Findings of the FFM’s Economic Interests Report

In its earlier reports, the FFM determined that ‘reasonable grounds [existed] to conclude that serious crimes under international law [had] been committed’ in Myanmar. The FFM had examined the particulars of the Tatmadaw’s ‘Clearance Operations,’ utilised between 2016-17, against the Rohingya population in the Rakhine state, and deemed them constitutive of ‘planned’ attacks upon an ethnic group harbouring ‘genocidal intent.’ In summary, these Clearance Operations typically occurred at dawn, targeted multiple Rohingya villages at once, included an array of Myanmar security forces units, and consisted of indiscriminate rapid firing into houses and fields, explosions, and arson. As expected, many were killed, and significant numbers of those who survived were subjected to sexual or gender-based violence. The FFM also investigated the perpetration of crimes against humanity and war crimes in the Kachin, Shan, and Rakhine states. As well as the Tatmadaw, the FFM implicated perpetrators from non-state armed groups the Arakan Rohingya Salvation Army, Ta’ang National Liberation Army, and the Shan State Army-South.

While the FFM assembled significant evidence against these perpetrators, it is the findings of the Economic Interests Report of 16 Sept 2019 against a host of corporate actors that is particularly compelling. It is significant that the FFM structured its findings on corporate involvement with reference to the requirements of aiding and abetting under international criminal law. The alleged corporate accomplices identified by the FFM can be distilled into three general groups: (i) joint ventures and commercial relationships, (ii) manufacturers of conventional weapons and dual-use military goods, and (iii) Facebook and incitement to genocide.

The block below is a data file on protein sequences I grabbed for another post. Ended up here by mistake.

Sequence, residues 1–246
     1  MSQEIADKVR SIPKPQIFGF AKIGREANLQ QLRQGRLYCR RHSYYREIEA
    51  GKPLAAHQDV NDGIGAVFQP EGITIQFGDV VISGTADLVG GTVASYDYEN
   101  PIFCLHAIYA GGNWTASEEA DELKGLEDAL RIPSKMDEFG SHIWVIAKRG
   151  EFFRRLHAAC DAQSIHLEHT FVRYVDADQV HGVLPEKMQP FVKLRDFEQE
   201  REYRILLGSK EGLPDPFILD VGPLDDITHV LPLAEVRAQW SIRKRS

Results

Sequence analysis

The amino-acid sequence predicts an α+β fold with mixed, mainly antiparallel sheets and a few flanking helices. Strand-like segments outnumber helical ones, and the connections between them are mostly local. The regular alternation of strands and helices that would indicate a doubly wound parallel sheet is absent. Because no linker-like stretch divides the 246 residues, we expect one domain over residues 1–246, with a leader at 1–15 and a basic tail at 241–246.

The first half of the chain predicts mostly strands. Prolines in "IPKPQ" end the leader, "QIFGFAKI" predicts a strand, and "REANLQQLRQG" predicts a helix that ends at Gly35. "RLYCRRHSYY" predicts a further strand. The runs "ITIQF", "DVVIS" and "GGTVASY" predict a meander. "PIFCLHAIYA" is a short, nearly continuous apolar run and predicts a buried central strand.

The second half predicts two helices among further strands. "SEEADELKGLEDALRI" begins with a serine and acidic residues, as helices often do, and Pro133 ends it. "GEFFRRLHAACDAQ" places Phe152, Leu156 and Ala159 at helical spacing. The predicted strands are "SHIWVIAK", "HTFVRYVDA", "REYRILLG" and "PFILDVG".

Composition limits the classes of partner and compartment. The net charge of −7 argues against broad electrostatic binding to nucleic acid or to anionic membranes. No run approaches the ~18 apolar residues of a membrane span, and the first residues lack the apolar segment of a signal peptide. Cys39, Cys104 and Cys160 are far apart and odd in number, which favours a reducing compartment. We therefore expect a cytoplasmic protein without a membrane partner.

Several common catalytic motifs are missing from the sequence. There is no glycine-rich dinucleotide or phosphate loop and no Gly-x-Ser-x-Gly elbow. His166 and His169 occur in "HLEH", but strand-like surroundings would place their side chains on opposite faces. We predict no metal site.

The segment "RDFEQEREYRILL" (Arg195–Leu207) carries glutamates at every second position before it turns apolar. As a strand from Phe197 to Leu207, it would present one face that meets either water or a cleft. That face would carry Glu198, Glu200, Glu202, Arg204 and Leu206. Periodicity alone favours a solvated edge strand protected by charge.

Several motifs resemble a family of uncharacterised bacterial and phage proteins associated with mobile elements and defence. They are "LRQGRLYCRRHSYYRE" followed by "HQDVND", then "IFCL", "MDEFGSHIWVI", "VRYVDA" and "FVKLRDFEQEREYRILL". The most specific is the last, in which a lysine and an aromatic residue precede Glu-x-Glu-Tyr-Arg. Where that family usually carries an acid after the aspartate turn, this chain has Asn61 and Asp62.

Joint Ventures and Commercial Relationships

The first group concerns companies involved in joint ventures and commercial relationships with Myanmar’s two largest conglomerates controlled by the Tatmadaw – namely, Myanmar Economic Holding Limited (‘MEHL’) and Myanmar Economic Corporation (‘MEC’).  A joint venture of notable importance is that between the South Korean steel manufacturer POSCO and MEHL. According to the FFM’s findings, MEHL held a 70 per cent stake in POSCO, which likely allowed MEHL, and consequently the Tatmadaw, to enjoy significant dividends from POSCO’s economic performance.

Interestingly, in the wake of the recent military coup, POSCO ‘suspended all dividends payments to MEHL,’exemplifying the possibility of implicated companies adapting their behaviour in response to allegations about the Myanmar authorities and demonstrating the potential for IIMM and ICC investigations to contribute to the imposition of international sanctions, regulatory restrictions, or voluntary corporate behavioural changes. Additionally, companies such as Oberthur Technologies and Newtec, who provided information and communication technologies to MEC, were also named as potential facilitators of the Tatmadaw’s operations.